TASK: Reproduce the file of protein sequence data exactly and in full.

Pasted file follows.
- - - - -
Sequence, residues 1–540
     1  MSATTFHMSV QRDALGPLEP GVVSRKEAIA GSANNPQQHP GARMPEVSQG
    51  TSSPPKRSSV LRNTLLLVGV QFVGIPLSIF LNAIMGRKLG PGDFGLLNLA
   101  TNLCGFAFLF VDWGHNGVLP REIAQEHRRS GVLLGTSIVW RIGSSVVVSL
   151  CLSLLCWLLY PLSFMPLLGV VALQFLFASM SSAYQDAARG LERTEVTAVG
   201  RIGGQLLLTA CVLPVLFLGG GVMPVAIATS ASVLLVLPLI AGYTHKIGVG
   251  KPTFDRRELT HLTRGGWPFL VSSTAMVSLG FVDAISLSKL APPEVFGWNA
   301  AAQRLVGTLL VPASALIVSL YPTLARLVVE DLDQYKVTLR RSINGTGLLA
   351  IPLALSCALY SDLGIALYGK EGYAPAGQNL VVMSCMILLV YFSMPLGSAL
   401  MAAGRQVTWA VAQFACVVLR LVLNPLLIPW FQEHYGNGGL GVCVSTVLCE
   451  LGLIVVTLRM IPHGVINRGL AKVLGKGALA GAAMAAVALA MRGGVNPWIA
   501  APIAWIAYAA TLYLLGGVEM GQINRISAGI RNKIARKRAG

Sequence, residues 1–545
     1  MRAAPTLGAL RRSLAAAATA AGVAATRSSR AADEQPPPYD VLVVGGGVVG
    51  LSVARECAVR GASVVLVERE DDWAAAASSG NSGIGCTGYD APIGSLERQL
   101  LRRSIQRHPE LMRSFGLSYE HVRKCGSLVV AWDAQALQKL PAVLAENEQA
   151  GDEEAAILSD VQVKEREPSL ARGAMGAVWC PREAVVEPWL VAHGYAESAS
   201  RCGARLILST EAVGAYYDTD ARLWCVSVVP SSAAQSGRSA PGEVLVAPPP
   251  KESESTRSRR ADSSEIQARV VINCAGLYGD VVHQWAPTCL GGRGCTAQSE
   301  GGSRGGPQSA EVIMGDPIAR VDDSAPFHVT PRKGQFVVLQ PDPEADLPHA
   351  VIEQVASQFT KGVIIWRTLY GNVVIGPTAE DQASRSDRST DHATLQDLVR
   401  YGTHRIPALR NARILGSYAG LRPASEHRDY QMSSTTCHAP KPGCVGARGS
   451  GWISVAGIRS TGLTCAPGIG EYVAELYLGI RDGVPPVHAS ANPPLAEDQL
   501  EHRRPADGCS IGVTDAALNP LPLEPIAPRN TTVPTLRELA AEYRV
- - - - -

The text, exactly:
Sequence, residues 1–540
     1  MSATTFHMSV QRDALGPLEP GVVSRKEAIA GSANNPQQHP GARMPEVSQG
    51  TSSPPKRSSV LRNTLLLVGV QFVGIPLSIF LNAIMGRKLG PGDFGLLNLA
   101  TNLCGFAFLF VDWGHNGVLP REIAQEHRRS GVLLGTSIVW RIGSSVVVSL
   151  CLSLLCWLLY PLSFMPLLGV VALQFLFASM SSAYQDAARG LERTEVTAVG
   201  RIGGQLLLTA CVLPVLFLGG GVMPVAIATS ASVLLVLPLI AGYTHKIGVG
   251  KPTFDRRELT HLTRGGWPFL VSSTAMVSLG FVDAISLSKL APPEVFGWNA
   301  AAQRLVGTLL VPASALIVSL YPTLARLVVE DLDQYKVTLR RSINGTGLLA
   351  IPLALSCALY SDLGIALYGK EGYAPAGQNL VVMSCMILLV YFSMPLGSAL
   401  MAAGRQVTWA VAQFACVVLR LVLNPLLIPW FQEHYGNGGL GVCVSTVLCE
   451  LGLIVVTLRM IPHGVINRGL AKVLGKGALA GAAMAAVALA MRGGVNPWIA
   501  APIAWIAYAA TLYLLGGVEM GQINRISAGI RNKIARKRAG

Sequence, residues 1–545
     1  MRAAPTLGAL RRSLAAAATA AGVAATRSSR AADEQPPPYD VLVVGGGVVG
    51  LSVARECAVR GASVVLVERE DDWAAAASSG NSGIGCTGYD APIGSLERQL
   101  LRRSIQRHPE LMRSFGLSYE HVRKCGSLVV AWDAQALQKL PAVLAENEQA
   151  GDEEAAILSD VQVKEREPSL ARGAMGAVWC PREAVVEPWL VAHGYAESAS
   201  RCGARLILST EAVGAYYDTD ARLWCVSVVP SSAAQSGRSA PGEVLVAPPP
   251  KESESTRSRR ADSSEIQARV VINCAGLYGD VVHQWAPTCL GGRGCTAQSE
   301  GGSRGGPQSA EVIMGDPIAR VDDSAPFHVT PRKGQFVVLQ PDPEADLPHA
   351  VIEQVASQFT KGVIIWRTLY GNVVIGPTAE DQASRSDRST DHATLQDLVR
   401  YGTHRIPALR NARILGSYAG LRPASEHRDY QMSSTTCHAP KPGCVGARGS
   451  GWISVAGIRS TGLTCAPGIG EYVAELYLGI RDGVPPVHAS ANPPLAEDQL
   501  EHRRPADGCS IGVTDAALNP LPLEPIAPRN TTVPTLRELA AEYRV